Much has been said about clean coal, and how it is a “wave of the future.” Clean coal refers to reducing or neutralizing greenhouse gas emissions at the burn point, but regardless of China’s continuing commitment to coal-powered electrical plants, the United States has a natural gas glut and increasingly cost-competitive wind and solar power. As well, mountaintop leveling, destructive chemical processing, and byproduct disposal challenges continue to complicate any solutions that billion-dollar U.S. projects such as the recently canceled FutureGen might have produced.
It is beyond the scope of this blog to discuss the globe in 2030 on a country-by-country basis, but one dramatic shift in employment opportunities is likely to center on the continent of Africa. Between now and 2030, population growth rates in Africa will be greater than for any other country, including China (which has in fact reversed its growth trends through its political one-child policies). Africa is expected to quadruple in population over the next 90 years, with its greatest economic and political growth likely in North Africa.
Older workers are a burden and a salvation for the economic future. We are all aware that the graying populations in developed countries now, followed by developing countries, are a demographic force whose impacts will be felt over the next 50 years.
Problems such as poverty, global health, basic education, and environmental quality are systemic in nature, have both political and technical dimensions, and tend to require cross-sector and cross-profession collaboration. But there is a knowledge gap in developing and implementing viable solutions.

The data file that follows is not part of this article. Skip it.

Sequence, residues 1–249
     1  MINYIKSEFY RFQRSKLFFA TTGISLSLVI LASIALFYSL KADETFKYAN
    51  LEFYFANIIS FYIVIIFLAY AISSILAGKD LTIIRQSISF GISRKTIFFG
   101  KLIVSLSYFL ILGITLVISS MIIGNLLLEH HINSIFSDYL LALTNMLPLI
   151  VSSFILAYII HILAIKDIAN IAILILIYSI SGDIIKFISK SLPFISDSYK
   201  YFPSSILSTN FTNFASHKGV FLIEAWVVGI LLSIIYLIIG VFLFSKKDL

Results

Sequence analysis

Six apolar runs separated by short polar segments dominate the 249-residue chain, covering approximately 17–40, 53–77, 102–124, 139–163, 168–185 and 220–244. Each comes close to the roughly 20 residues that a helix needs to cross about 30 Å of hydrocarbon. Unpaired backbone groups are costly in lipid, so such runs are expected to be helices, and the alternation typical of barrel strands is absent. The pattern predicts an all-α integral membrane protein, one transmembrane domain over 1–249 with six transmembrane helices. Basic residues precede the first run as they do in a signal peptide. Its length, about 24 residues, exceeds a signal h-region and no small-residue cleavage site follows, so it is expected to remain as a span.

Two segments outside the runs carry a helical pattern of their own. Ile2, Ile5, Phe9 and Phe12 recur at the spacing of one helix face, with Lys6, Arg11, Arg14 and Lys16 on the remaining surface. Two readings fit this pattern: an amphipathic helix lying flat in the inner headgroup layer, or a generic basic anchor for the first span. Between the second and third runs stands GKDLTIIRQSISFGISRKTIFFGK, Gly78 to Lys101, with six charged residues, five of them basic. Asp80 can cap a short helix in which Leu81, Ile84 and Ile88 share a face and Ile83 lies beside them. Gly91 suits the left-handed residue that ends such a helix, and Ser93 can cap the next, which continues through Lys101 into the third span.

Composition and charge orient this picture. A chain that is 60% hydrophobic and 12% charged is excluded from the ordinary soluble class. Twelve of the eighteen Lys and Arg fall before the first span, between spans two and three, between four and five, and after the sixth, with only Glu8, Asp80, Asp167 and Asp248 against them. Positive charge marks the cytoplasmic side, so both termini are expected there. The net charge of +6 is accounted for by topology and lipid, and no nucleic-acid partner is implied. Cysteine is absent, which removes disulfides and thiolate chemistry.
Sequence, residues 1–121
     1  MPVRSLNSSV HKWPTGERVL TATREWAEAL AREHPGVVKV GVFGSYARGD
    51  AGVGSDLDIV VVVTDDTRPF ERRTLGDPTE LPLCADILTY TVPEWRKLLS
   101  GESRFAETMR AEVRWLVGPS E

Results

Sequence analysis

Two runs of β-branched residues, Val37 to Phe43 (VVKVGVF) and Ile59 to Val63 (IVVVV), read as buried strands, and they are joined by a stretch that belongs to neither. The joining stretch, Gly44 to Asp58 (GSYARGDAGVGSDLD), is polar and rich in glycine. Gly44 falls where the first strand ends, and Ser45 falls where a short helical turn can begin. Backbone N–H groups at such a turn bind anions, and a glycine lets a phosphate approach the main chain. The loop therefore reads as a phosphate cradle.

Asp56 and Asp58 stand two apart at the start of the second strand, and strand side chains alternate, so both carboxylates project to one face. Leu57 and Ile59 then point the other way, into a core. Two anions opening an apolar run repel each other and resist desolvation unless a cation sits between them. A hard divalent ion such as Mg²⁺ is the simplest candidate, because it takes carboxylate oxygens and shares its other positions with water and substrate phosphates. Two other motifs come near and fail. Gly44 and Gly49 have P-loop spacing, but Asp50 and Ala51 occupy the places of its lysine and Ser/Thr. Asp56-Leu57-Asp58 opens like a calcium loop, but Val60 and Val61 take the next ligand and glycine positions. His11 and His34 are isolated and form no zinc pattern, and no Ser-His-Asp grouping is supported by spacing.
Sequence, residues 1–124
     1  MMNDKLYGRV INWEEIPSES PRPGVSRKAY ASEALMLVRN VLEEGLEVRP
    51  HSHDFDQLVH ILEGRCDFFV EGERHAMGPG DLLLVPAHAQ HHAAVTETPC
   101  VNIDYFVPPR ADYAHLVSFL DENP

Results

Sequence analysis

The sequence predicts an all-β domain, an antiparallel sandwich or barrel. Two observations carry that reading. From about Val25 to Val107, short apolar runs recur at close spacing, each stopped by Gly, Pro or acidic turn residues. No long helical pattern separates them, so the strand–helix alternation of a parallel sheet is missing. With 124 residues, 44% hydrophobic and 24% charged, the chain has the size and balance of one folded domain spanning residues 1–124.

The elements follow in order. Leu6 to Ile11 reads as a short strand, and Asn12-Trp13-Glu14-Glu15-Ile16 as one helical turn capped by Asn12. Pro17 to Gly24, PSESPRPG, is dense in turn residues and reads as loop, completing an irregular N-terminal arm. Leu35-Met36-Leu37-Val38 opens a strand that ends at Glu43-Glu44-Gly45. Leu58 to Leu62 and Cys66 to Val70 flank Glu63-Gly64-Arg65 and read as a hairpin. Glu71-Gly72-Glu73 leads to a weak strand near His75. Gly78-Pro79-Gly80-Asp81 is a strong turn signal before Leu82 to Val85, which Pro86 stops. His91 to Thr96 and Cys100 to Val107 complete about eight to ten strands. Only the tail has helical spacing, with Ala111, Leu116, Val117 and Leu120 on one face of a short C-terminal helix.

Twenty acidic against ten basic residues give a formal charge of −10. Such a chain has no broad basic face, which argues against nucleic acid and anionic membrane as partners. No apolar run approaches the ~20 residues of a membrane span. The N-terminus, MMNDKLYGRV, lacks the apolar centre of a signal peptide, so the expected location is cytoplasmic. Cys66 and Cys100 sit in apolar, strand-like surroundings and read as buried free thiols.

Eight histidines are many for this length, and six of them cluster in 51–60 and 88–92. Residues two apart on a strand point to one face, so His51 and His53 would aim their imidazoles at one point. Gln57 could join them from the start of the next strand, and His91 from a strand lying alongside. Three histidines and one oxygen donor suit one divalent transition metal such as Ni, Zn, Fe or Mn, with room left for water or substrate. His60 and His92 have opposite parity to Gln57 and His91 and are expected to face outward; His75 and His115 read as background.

During my last year as president of the World Future Society, I had a very interesting experience concerning people’s feelings about the future. I had been asked to talk about the future of communications technology to a group of senior corporate vice presidents, largely U.S. based. After delivering what I thought was a rather effective (and well received) analysis on the growth of “white noise” in modern society and response strategies, we came to the Q&A discussion, which turned out to be 20 minutes or more.
It has long been a given that the Chinese commitment to saving 40 percent or even more of gross family income would be a continuing element of that nation’s economic profile. While consumer spending is skyrocketing in many developing countries, Chinese citizens have tended to tie their wealth up in savings and real estate, in part because of the lack of social safety nets that are offered by many developed countries.
As it was for many futurists, science fiction was my “gateway drug” to the world of alternative futures. I was hooked by age nine or ten. We always had stacks of sci-fi lying around the house because my mother was a member of a science fiction book-of-the-month club. I devoured everything I could get my hands on.
FOR IMMEDIATE RELEASE - A World on Fire: New Report from AAI Foresight
While I have written in the past about the revolution that the world of retail is undergoing, one interesting thing about the future is that it keeps unfolding. Like any lively crossroads of converging technologies, the principles of retail choice (or should I say persuasion) brings psychology, behavioral economics, and even neuroscience together with digital technology to change the mechanics of human decision making.